Credit cards are an important financial tool you should consider employing.
Not only can they give you valuable protection against fraudulent and incorrect charges that debit cards or cash do not; they can help you save money on everyday purchases, and even help you travel the world for little to no cost out of pocket.
But before you sign up for a new card, or for your first one, there is a small distinction to be aware of: Some credit cards are actually considered charge cards, while others are straight-up credit cards.
There’s really no major difference between the two when it comes to how you use them. The difference comes when it’s time to pay your bill. Depending on your current financial situation, one could be better for you than the other.
Let’s take a closer look.
Charge Cards vs. Credit Cards
Charge cards do not have a credit limit — the most you can spend on that card — whereas credit cards do. That’s what the difference between the two boils down to.
When you open a credit card account, the card’s issuer will give it a credit limit. That number is determined by your credit score and by several data that you must submit when applying for a credit card, such as your annual income. That number won’t necessarily remain the same for the life of the account; the issuer can unilaterally raise or reduce it, and you can ask to have it raised too. But in any case, it marks the upper limit of what you can put on that particular card.
Regardless of what that limit is, the cardinal rule of credit cards is to use them responsibly and pay your bills on time and, if possible, in full to avoid paying high interest rates on the balance.
But not having a pre-set spending limit can be a benefit for certain people.
“If you’re regularly making larger purchases and then immediately paying them off each month, a charge card will give you more spending flexibility,” says Madison Blancaflor, Credit Cards Reporter at The Points Guy (which shares an owner with NextAdvisor.)
The flip side to this, though, is that you’ll have to pay the entire bill in full every month on a charge card. If you don’t, you will be hit with late fees, any future charges may be denied until the balance is paid, and the issuer may cancel your account.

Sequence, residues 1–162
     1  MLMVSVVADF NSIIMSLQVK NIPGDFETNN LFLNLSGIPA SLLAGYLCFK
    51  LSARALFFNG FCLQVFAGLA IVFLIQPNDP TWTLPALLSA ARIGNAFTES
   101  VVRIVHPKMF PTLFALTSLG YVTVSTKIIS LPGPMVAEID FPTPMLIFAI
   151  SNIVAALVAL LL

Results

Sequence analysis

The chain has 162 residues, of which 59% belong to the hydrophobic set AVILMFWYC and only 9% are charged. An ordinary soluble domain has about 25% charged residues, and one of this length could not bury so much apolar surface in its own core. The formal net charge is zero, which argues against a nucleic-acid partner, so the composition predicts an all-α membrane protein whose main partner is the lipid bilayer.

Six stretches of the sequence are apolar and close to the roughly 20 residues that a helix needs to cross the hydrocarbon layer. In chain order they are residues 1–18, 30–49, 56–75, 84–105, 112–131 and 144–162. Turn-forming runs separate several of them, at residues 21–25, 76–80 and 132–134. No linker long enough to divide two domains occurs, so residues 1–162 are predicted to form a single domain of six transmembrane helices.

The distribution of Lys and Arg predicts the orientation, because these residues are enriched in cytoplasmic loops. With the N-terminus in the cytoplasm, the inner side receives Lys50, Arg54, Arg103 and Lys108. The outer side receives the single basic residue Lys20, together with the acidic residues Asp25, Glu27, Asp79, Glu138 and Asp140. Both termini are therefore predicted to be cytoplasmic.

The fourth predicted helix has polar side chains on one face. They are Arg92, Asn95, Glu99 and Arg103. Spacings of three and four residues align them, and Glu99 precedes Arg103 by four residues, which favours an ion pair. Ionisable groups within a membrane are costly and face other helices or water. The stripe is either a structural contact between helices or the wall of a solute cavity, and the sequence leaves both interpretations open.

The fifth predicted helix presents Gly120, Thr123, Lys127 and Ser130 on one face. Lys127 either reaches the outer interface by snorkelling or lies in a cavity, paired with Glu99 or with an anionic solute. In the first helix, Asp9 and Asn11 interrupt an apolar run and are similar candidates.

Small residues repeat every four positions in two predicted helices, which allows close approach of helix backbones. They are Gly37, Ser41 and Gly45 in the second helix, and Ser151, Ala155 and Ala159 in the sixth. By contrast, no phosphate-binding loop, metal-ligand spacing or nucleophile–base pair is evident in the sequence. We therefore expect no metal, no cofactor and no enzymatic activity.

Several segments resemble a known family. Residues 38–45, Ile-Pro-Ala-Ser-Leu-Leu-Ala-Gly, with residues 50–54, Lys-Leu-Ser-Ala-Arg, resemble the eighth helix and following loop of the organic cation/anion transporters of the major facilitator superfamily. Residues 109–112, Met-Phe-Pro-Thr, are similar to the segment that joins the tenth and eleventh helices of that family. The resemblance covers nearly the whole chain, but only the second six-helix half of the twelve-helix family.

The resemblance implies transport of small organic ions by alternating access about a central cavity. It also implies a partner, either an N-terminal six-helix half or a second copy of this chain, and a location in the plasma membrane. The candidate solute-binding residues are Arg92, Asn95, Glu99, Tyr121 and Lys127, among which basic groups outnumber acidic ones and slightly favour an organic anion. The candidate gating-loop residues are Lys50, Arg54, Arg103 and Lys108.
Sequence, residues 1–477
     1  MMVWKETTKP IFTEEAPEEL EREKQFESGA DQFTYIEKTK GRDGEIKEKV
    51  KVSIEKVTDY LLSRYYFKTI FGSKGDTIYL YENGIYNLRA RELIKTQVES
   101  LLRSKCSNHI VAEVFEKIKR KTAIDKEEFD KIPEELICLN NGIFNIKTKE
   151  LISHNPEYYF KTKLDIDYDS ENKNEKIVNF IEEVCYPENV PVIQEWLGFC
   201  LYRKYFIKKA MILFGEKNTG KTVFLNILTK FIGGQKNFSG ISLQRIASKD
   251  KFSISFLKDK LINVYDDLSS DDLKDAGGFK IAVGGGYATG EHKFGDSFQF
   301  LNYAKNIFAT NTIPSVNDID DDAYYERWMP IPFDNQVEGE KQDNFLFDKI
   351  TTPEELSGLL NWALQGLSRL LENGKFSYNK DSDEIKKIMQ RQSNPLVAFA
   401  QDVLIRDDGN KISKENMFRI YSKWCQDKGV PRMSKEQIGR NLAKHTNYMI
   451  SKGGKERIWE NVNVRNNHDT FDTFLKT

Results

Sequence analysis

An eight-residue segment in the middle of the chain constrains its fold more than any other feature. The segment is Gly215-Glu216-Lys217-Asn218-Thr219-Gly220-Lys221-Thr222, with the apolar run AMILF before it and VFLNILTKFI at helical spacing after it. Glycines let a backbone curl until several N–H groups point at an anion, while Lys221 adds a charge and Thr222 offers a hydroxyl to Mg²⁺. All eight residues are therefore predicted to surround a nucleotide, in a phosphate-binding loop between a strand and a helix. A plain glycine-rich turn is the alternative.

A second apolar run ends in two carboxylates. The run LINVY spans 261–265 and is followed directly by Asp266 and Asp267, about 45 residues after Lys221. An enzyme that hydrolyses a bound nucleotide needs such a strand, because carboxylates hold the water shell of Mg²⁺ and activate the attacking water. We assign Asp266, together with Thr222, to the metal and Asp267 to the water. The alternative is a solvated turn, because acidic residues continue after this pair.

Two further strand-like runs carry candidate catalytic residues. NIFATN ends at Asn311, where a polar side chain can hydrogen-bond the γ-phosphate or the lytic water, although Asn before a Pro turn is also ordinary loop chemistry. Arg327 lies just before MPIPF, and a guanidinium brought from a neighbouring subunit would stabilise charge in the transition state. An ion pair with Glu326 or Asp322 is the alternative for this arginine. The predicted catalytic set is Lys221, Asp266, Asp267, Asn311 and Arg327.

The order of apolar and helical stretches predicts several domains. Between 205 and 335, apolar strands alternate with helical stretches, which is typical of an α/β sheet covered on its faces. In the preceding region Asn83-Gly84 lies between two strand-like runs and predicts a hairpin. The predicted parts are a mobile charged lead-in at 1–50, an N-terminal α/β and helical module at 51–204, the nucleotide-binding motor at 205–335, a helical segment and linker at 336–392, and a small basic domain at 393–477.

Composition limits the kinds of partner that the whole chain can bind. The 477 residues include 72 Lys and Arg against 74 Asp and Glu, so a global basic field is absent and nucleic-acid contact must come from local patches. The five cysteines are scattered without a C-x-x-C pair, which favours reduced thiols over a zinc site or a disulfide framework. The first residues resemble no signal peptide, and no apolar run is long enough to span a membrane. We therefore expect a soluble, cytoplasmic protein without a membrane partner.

If you carry a credit card, on the other hand, you only have to pay the minimum payment each bill. You can decide to leave any remaining balance on the card and pay interest on it. If you do that, be mindful of the annual percentage rate (APR) on your credit card as it can really add up over time — and can even land you in some hot water.
Interest is not charged on charge cards, since you are required to pay your bill in full each month.
“If you’re paying off your bills in full each month, which is highly recommended,, there really isn’t much of a difference between the two types of cards,” Blancaflor says. But if an emergency comes up, you may want to put the spending on a credit card since you won’t be able to pay that off over time with a charge card, she adds.
Applying for Charge Cards
Charge cards aren’t as widely offered as credit cards.
Being approved for a charge card generally requires a good credit score, since it demands discipline from cardholders. Charge cards also tend to offer good rewards for spending.
Charge cards and credit cards are very different in one key aspect: how you pay for your purchases. Before you apply for either one, it’s important to take stock of your budget and of your spending to find a card that closely matches your needs.